If you don't have the fortitude to build a surplus during good times, you can't expect to avoid debt during bad.

  3. #3

    Re: "Stimulus"

    I'm going to have to clear up several misconceptions here:

    First, the $9.7 TRILLION isn't referring to the national debt. It is referring to bailouts alone! So that is IN ADDITION TO our national debt.
    http://www.bloomberg.com/apps/news?p...d=aGq2B3XeGKok

    Deregulation was a recipe for disaster.
    Except that this isn't from deregulation. The myth is that Bush deregulated all over the market. That is simply a myth. In fact, regulations were INCREASED, not the least of which was Sarbanes-Oxley. But beyond that, ever since 1913, our economy has been essentially a regulated, centrally-planned one via the Federal Reserve Bank. The Austrian school economists predicted this long ago.

    This crisis is a combination of:
    1) federal mandates requiring lending institutions to loan to people and entities they otherwise would not (due to low credit ratings)

    2) federal loan guarantees and GSEs (Government-Sponsored Enterprises) such as Fannie Mae and Freddie Mac which force the US tax payer to soak up bad loans, thereby removing much, if not all, of the risk in making bad loans,

    3) The Federal Reserve keeping interest rates artificially low (below what the free market would have set them) thereby encouraging even more bad lending practices.

    I warned of this in this very forum 4 years ago, and the Austrian school folks foresaw this much further back than that. But is anyone listening to them? No, instead, they're taking their lead from some of the same jokers who got us into this mess, and their solution is to further reincentivize the bad behavior that created this mess, and to further extend government's interference in the ability of the market to find its own level.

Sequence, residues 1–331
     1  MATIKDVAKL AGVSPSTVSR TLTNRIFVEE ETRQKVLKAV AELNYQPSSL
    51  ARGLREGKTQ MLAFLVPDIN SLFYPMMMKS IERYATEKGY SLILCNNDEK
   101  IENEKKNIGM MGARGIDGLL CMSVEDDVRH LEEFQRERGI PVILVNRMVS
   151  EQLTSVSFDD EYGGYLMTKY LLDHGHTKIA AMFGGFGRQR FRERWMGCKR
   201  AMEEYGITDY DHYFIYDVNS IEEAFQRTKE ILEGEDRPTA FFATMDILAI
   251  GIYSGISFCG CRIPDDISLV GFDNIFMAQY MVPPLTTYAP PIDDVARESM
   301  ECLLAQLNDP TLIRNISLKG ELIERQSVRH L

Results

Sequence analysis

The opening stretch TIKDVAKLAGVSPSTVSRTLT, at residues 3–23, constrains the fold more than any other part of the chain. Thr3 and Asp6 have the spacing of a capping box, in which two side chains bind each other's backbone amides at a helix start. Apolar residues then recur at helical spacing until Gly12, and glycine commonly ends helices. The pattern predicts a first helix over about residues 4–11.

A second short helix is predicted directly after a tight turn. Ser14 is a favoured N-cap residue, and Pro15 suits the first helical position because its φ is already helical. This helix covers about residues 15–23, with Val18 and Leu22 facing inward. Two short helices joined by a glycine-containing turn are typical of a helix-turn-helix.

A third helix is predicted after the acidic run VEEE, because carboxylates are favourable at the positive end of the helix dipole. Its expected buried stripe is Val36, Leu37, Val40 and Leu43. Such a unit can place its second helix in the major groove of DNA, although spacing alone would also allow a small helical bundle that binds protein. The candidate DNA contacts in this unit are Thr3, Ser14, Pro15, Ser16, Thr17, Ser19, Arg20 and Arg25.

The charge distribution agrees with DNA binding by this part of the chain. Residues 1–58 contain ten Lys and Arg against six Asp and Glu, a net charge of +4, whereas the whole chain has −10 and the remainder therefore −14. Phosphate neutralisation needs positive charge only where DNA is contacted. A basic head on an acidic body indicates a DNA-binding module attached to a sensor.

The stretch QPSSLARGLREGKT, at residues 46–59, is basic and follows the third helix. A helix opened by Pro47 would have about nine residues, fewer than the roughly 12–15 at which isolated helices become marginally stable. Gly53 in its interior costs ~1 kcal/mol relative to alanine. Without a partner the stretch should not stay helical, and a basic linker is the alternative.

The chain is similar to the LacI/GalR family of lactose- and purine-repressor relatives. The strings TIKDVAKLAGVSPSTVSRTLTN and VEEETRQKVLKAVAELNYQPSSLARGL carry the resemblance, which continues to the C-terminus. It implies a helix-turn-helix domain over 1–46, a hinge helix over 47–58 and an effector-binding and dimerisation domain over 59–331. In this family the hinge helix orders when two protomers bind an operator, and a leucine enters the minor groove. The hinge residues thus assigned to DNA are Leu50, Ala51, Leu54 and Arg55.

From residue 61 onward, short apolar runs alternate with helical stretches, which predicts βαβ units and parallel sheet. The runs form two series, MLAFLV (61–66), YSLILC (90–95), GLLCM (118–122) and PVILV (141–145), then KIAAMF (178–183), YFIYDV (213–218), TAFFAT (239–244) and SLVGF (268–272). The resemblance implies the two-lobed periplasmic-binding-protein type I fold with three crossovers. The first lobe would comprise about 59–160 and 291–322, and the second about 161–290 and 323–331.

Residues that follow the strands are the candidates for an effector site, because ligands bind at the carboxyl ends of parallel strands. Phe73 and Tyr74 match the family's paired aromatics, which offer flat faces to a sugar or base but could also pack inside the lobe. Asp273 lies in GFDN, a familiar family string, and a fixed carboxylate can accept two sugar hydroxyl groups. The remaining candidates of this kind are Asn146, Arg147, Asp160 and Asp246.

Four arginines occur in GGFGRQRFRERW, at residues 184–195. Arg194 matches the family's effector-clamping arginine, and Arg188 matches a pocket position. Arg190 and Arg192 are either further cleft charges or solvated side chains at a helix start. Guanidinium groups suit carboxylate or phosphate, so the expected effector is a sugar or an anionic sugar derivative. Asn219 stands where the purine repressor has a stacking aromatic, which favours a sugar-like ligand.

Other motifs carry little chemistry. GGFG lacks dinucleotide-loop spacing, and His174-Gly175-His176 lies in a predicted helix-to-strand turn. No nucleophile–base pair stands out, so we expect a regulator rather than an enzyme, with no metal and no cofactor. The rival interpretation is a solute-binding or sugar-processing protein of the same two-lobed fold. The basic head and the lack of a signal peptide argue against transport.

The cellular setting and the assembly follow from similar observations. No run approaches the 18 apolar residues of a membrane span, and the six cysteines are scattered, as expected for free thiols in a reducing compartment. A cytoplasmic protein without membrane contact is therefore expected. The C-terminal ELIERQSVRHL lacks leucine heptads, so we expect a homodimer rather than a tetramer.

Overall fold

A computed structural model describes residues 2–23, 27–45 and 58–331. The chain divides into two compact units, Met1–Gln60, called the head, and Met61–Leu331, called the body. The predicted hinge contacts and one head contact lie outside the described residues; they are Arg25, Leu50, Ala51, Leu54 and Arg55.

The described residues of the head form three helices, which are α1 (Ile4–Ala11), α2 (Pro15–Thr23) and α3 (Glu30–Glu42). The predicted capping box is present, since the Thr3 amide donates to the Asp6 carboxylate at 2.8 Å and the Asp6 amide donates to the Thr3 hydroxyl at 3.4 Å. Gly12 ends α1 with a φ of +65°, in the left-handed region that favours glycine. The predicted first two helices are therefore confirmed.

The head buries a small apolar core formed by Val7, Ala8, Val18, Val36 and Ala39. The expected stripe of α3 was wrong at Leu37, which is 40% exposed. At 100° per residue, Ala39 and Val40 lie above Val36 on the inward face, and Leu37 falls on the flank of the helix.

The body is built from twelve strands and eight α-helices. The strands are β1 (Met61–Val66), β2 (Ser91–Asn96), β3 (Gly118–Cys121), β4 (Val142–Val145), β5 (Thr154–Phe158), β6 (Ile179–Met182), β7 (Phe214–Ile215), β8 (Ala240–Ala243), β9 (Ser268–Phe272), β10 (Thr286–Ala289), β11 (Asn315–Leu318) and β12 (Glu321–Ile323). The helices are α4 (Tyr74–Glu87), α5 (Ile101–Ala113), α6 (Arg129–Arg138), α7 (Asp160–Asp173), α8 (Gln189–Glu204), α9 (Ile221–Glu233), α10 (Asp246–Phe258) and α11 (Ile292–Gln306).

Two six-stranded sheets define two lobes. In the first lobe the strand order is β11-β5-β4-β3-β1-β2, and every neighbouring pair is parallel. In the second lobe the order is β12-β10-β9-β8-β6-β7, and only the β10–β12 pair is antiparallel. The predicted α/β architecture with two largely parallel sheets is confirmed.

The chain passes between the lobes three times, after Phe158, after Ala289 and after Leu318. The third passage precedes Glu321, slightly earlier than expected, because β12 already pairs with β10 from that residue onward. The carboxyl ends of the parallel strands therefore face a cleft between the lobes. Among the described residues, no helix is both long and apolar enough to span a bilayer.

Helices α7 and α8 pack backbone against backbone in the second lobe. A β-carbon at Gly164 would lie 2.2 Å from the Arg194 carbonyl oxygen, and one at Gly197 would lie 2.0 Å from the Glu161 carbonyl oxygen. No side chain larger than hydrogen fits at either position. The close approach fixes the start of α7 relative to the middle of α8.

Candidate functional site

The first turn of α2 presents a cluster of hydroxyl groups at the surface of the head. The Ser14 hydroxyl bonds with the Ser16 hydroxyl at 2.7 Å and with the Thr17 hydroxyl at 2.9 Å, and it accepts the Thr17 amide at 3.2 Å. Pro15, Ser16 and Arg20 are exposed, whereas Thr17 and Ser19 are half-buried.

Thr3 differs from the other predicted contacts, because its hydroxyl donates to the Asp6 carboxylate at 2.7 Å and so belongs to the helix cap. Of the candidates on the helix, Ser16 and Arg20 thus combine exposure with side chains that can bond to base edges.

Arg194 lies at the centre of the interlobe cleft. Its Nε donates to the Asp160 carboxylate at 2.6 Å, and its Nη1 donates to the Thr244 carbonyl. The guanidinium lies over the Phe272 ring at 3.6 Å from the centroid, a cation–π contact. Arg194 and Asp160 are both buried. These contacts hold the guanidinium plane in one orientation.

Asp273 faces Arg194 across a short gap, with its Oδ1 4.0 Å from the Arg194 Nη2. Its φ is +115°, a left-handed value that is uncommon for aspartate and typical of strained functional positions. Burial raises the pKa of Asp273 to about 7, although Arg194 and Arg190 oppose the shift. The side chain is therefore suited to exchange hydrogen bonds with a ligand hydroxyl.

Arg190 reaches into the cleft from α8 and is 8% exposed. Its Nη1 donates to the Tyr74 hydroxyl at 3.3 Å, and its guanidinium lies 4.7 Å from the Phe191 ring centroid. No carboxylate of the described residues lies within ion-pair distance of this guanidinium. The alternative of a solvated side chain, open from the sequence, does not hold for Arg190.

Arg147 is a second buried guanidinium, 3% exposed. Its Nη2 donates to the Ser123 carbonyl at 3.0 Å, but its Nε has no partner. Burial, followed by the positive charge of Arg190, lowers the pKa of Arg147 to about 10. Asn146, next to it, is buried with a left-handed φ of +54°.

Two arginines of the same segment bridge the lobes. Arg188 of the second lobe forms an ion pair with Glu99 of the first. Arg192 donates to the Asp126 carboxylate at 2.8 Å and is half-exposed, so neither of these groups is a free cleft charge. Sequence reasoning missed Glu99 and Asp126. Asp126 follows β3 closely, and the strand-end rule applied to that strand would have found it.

Now, we have risk if we spend (spiraling debt), as well as if we don't (spiraling unemployment and capital in vapor-lock, potentially bringing the economy below hysteresis.)
    Actually, if we spend we are CERTAIN to fail. If we don't, if we leave it alone, the market will be allowed to adjust. A recession is actually the cure - it means that the market has finally figured out that capital has been misallocated to unproductive uses. At the bottom of a recession, the economy is primed to recover because capital has been reallocated properly. It's what is called a "market correction". When that corrective process is interfered with through bailouts, more regulations, public works projects, etc, it delays and prevents the reallocation of capital to productive uses, prolonging the crisis. This is precisely what happened with the Great Depression. The only reason it was a "great" depression, rather than a recession, is because of FDR's interventions. And indeed, the recession that started it all was a result of Hoover's own interventionist policies (no, he wasn't the laissez-faire President he's made out to be by some). I could go on with historical examples of similar recessions a decade or so before which subsided quickly thanks to government keeping its hands off, but I don't want to make this any longer than necessary.